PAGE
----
DAY THREE – Thirsk to Leyburn
We left the Wetherspoons early after a delicious pastrami bagel (the best item on their menu) for me and a large breakfast for Liam. The walk out of Thirsk isn’t the most exciting as there is a walk of nearly an hour just to reach the outskirts.
We had a long section on road for a couple of hours before reaching the village where we having an early lunch. Unfortunately it wasn’t the village that we thought it was, so we didn’t have an early lunch. We did though instead sit on a bench in the village where there should have been a pub.
A landlord of the pub in the next village called out “you two look like you need a pint” and we were very much tempted, although by now we had realised where the pub we had visited before was so we resisted.
We then left the road and went onto a public footpath and I couldn’t work out the gate, as it was very complex. Liam, who is the official gatekeeper this week, also struggled and a man appeared to help. He no doubt thought that we were two idiots but he was beyond friendly, offering me socks and even offering to just drive us to Leyburn.
The offers of help are really appreciated, but we can’t of course accept a lift that means we can’t complete our coast to coast walk. However, it was sorely tempting as it would mean that we would have been at our pub accommodation by 3pm. We decided though to keep going onto the next village which was Snape.
The walk to Snape was a disaster as the path was entirely flooded and so couldn’t be walked. We were forced onto another path which was much longer and was also partly flooded. This path disgorged us into a series of sheep pens and so Liam spent ten minutes untying gates (he’s good though, he puts them back). The whole event added around an hour to our day, meaning it was always going to be difficult to get back at a reasonable hour.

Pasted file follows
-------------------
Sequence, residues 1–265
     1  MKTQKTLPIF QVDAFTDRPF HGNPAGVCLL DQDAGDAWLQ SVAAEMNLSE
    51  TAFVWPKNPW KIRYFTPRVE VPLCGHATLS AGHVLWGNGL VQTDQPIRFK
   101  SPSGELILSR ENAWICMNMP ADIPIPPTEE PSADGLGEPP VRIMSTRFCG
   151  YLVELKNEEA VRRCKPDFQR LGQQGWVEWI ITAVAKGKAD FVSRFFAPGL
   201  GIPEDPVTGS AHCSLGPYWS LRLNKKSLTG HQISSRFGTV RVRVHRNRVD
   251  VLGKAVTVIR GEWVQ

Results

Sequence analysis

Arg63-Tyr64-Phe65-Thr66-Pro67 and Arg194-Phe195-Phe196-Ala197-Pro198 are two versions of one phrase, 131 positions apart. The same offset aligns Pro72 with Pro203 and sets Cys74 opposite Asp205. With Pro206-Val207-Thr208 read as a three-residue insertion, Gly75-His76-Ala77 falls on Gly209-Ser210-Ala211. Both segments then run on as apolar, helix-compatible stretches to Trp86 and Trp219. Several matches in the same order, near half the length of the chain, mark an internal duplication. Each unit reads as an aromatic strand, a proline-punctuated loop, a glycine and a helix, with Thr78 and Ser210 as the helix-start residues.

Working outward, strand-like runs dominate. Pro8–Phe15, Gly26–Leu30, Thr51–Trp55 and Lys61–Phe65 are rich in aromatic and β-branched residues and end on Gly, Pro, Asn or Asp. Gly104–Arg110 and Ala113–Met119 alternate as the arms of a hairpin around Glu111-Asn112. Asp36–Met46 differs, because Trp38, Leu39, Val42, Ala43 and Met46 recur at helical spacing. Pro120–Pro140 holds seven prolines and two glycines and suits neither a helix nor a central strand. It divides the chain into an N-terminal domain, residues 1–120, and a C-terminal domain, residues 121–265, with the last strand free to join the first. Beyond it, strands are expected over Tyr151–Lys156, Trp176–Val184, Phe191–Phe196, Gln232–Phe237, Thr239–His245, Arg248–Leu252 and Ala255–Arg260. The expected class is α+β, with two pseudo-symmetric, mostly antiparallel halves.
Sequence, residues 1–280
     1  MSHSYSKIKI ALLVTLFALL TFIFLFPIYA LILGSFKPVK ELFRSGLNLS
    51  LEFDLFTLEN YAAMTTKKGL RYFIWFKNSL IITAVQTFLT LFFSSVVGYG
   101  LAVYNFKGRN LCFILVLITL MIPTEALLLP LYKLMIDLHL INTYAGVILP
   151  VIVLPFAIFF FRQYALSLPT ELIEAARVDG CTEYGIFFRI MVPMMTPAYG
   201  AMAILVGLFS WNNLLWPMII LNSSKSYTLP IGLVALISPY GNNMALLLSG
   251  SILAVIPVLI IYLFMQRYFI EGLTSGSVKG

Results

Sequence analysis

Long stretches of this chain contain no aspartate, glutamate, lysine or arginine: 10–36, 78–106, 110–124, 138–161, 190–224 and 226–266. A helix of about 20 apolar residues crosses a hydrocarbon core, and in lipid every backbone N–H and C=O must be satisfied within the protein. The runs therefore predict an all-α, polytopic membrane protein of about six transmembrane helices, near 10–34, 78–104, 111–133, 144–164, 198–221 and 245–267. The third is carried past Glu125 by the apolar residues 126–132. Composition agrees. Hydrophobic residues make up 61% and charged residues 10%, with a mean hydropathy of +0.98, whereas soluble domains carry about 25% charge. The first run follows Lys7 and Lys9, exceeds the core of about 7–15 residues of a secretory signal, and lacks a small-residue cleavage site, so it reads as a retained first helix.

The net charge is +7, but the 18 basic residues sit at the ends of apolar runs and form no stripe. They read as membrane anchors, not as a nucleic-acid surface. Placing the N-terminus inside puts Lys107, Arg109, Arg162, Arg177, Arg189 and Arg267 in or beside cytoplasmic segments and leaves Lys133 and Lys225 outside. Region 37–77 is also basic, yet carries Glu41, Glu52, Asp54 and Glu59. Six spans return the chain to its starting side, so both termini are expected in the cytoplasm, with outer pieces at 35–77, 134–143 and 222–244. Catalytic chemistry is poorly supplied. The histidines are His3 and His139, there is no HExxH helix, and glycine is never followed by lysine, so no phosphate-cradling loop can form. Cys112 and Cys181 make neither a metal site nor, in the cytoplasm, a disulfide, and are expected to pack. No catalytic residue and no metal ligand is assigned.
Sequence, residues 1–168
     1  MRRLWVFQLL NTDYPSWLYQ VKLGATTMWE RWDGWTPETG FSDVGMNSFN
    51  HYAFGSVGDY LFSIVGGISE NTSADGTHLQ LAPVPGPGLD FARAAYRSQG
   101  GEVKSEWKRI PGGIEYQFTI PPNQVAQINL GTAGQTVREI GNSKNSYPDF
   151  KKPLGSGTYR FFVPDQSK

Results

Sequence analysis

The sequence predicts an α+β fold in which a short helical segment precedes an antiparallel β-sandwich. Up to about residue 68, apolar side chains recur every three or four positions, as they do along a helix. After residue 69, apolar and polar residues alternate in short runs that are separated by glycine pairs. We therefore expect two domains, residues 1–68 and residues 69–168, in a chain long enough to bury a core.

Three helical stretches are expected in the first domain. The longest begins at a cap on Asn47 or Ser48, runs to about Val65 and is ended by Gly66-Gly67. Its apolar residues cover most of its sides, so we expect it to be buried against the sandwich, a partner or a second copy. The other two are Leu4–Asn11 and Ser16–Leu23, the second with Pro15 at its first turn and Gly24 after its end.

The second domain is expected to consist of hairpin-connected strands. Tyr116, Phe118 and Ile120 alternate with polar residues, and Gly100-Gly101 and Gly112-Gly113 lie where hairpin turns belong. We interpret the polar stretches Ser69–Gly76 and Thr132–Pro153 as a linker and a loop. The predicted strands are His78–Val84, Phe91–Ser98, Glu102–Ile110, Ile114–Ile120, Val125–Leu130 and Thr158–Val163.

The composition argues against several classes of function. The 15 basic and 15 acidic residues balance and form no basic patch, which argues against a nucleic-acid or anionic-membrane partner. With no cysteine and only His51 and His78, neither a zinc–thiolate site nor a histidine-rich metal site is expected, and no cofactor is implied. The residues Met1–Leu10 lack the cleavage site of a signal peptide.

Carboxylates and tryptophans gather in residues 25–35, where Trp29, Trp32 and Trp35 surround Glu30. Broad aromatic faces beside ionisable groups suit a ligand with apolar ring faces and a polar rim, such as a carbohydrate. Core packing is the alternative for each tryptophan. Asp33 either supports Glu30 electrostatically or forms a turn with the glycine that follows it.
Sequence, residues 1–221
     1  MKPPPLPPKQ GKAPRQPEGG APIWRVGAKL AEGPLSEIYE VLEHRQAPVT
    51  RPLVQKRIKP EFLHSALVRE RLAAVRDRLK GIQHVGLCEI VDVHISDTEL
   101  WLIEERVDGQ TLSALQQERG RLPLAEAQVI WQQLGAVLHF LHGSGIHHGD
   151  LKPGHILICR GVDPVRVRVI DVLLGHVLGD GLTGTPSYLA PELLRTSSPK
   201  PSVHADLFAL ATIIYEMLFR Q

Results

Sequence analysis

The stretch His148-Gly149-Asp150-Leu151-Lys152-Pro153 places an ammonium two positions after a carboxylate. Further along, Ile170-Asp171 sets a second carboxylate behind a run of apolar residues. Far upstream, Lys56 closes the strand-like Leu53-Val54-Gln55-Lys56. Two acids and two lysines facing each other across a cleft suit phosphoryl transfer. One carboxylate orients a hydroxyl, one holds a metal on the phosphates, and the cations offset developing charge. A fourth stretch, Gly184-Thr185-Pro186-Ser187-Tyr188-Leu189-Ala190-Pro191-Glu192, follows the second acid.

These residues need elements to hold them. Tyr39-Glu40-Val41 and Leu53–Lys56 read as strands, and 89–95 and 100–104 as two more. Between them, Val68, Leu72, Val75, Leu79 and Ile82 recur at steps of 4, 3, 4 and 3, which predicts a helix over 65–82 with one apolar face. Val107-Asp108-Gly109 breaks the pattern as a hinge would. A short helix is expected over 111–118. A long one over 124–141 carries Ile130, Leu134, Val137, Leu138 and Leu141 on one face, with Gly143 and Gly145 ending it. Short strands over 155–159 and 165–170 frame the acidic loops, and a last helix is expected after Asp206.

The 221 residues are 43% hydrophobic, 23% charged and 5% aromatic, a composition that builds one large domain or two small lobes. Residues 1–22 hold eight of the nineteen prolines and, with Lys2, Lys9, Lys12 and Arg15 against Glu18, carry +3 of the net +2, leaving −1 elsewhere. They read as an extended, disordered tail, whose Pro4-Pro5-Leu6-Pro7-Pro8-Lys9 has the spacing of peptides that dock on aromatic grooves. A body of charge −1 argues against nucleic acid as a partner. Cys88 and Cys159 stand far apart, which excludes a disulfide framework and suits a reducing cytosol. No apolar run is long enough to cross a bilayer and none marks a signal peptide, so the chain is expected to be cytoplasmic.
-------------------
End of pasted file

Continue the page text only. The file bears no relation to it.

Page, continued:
We then had to walk into a farm along a road which wasn’t an official footpath, so we shouldn’t have really been there. It wasn’t a choice we had much option in though as the public footpath was flooded. We were rather concerned to see some very loud dogs, but they were in a cage, although it did look that they could get out. I managed to break into a run to get out of the farm, concerned that the farmers wouldn’t be impressed to see us.
We then saw a farmer driving towards us in a tractor and thought he might query what we were doing there. He didn’t though, he just drove by us and let us merrily rejoin the road. The whole thing though cost us well over an hour, and we didn’t have that time to lose.
We went into a lovely pub for a real ale and three packets of mini Cheddars (or a tea in Liam’s case) and the landlady was really kind. She found us some maps, let us sit by the fire and offered a real Yorkshire welcome. We stayed there for thirty minutes and were warmed up by the time we left.
We couldn’t take the route that we wanted as it would put our arrival time at the pub accommodation at later than 9pm. This wasn’t sensible, as we needed food, so we instead switched to a road route. The route was awful, hard on the feet and entirely boring. However, it got us there by 8pm, although we were sorely tempted to get a taxi at one point.
Reaching the pub was a delight, although we were told we had ten minutes to order food. Which didn’t give us any opportunity to “freshen up” as Andrew would say, so I hobbled back down into the pub in my socks. The service was friendly and the food was hot, meaning that the day ended up positively.